Tuesday, December 21, 2010
A Frame in Time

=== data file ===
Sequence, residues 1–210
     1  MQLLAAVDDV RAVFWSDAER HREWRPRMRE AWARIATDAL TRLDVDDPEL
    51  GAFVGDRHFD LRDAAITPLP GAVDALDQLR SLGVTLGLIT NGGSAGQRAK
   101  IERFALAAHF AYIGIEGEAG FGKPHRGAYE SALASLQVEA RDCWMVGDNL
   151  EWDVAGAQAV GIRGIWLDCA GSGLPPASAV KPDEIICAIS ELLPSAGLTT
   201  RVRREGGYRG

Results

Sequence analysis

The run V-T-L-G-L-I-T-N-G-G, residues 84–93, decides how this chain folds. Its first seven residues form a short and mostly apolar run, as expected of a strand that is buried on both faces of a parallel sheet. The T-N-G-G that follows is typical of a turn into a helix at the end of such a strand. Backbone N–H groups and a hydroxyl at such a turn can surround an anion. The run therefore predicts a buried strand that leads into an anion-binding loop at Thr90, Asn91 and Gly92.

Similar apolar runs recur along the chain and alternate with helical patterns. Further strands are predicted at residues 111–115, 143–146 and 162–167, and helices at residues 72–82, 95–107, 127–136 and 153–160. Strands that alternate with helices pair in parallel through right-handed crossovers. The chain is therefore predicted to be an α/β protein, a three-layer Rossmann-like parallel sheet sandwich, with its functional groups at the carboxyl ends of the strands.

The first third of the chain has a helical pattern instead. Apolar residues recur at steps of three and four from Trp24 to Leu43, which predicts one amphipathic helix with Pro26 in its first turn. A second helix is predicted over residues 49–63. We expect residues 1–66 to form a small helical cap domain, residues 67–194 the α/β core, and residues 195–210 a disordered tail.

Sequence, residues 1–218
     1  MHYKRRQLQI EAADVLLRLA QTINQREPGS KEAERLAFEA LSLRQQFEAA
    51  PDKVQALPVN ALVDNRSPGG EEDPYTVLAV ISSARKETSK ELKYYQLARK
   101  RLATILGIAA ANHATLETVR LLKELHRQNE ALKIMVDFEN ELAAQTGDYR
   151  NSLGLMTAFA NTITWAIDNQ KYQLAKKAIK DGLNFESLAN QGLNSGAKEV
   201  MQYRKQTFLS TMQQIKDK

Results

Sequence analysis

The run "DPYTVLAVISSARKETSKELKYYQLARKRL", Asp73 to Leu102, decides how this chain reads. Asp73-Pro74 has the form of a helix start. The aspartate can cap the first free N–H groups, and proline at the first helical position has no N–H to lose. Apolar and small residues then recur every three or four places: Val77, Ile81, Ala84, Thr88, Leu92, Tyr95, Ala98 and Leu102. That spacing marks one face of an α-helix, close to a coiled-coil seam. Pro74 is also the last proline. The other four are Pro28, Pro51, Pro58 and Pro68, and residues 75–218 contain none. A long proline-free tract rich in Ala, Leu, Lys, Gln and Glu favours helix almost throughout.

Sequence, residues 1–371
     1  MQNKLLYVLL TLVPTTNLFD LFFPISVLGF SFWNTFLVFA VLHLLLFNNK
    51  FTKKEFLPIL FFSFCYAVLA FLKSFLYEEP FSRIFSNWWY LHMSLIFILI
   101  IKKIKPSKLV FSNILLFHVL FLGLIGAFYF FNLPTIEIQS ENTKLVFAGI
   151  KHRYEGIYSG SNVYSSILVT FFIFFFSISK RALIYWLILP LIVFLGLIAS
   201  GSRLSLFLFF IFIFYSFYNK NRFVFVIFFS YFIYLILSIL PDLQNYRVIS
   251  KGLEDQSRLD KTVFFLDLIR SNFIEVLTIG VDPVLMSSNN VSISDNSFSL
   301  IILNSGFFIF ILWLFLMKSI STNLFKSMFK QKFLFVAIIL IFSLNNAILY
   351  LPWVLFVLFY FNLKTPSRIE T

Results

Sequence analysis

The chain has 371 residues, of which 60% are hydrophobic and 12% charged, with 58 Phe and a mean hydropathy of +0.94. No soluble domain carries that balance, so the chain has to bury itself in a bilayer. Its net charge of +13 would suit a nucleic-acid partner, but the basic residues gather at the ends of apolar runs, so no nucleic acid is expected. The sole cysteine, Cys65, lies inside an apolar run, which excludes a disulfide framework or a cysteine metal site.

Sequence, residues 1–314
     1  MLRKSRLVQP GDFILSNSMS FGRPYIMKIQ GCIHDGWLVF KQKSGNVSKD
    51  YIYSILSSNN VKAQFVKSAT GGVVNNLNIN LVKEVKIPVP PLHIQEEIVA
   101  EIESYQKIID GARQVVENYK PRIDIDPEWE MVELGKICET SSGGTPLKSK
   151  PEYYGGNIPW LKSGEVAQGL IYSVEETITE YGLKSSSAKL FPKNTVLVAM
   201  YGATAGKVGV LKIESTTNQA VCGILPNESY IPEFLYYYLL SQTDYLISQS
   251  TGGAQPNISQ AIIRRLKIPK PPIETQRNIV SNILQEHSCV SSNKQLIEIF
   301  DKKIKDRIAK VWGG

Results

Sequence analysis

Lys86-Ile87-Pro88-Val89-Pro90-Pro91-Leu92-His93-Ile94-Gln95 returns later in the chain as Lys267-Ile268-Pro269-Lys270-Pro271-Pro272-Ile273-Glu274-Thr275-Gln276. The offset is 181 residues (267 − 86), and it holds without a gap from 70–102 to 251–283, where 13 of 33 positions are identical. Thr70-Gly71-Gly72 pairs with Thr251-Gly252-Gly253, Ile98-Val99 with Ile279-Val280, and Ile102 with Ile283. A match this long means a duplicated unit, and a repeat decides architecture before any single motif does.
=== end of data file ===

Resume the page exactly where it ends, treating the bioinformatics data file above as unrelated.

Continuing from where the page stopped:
We observe things with a sense of time? All living creatures and life on earth has a sense of time. Time is thus a frame of living and thus is framed by living things. The tree knows when to shed its leaves when the seasons change and its almost time for winter. Photographs capture a moment in time much like a hourglass. The sand in the hourglass travels through funnel to ascertain the passage of time but as part of the hourglass, does it not also embody all time. The sand only changes places but the hourglass has encompassed the sand which is the measurement of the time it takes to change places. What is the significance? Is all life on earth framed in time such as the sand in the hourglass. When the sand reaches the bottom, we determine the amount of time that may have passed but once it reaches the bottom, the measurement, which is the sand has no real value and only objective time that of the hourglass or the frame, remains. So is a photograph much like an hourglass because of it captures a moment in time. As soon as the light flashes and the camera shoots a picture of an object or material entity, that material entity is thus reflected in the photograph, as a moment in time. The object itself becomes a measurement of all time and thus, when we look at the Polaroid, we smile when we see the moment when the image was produced. We have a sort of living memory of such a time when we were young or happy and with friends. But now the friends are old, some of them have died, our hair is gray, and we no longer smile for the camera but we have this living memory of a former time that we ourselves are a measurement. So overall time seems to overrule our undermine the sense of measurement such as hours, minutes and seconds that we use to measure time. Our sense of time while a productive measurement is still fallacious as it relates to overall time. It is only our apprehension of time gone by such as night turning into day. How can frame time better? We see frames in time everywhere. The man walks down the street, the dog barks, the mother nurses its young, all of these frames of time. Obviously, we are also a product of time since the mother needs to nurse its young, and the man needs to walk down the street to the Post Office and the dog barks when it sees an intruder. Time is thus framed by our measurement. What does this mean for us? We often complain when were are behind the time. Othello says we must obey the time. Time is the enemy, some people say. "I don't have time", says the passerby when he is confronted by a peddler. Neither does the peddler have the time to peddle. If one is true, then we must consider both to be true. These are time dialectics. Frame by frame, we are measured and are measuring our time on this planet, under the watchful eye of an ultimate timekeeper. I go to school, then it's time for lunch, then it's time for recess, then it's finally time to return home. Some people have all the time in the world, others do not. But on the whole, our individual sense of time is moot. During the marathon, the person who crosses the finish line first at a record time, has accomplished a great feat. The last person to cross the same finish line has also crossed but as a measurement of time, came in last place. Could it be that the person who came in first and the person who came in last crossed the finish line at the same time and were simply misframed. It seems that we to need to better frame our time. Even light is a measurement of time. As a non-material entity, it travels at some 180,000 miles per second. It is thus a measurement and is measured by the distance it travels. Is it also a fallacious mode of time. The observer and object problem persists. Should there be light and no timekeeper, thus no light at all or no observational deck. A wrinkle in time means a ripple in time where light might persist if the observational deck is lost for only a few moments until the glimmer of light has faded completely and is lost in nothingness. This may be fallacious thinking since time is only a gatekeeper and the cause of light is also a value of time. When time ceases then all light and living things should cease, theoretically. Thus, I need to make better use of my time by framing it in a more productive way. I need to respect nature and be one with time, nature and respective time that we all share. But alas, something that you might be doing might seem a waste of time to me such as the peddler or the runner. I don't see why I should watch this race since it makes no difference who wins. I'll hear about it later in the news or a friend might tell how exciting the race was. Thus, we are all interconnected by such a measurement of time. "I don't want to hear it", I tell my friend who looks at me askance. He might think it is appropriate use of his time and mine to share such a story. But the differences persist. We must be able to frame time better. Art, literature, poetry are dignified applications of human time. So is time spent on our health and well-being such as running a marathon, exercising or other sporting events. The criminal who has misapplied his time to commit a criminal act is thus punished not only because he has committed a crime or a moral wrongdoing, but that he has misapplied time relatively. So while he is absconding with other people's money after a bank robbery, he is captured by police who detain him for his criminal act and thus, the police and the criminal and all the people all involved have been subjected to a moral wrongdoing as well as a misapplication of time, that no one wants to measure or be measured by. We'll get back to this problem soon.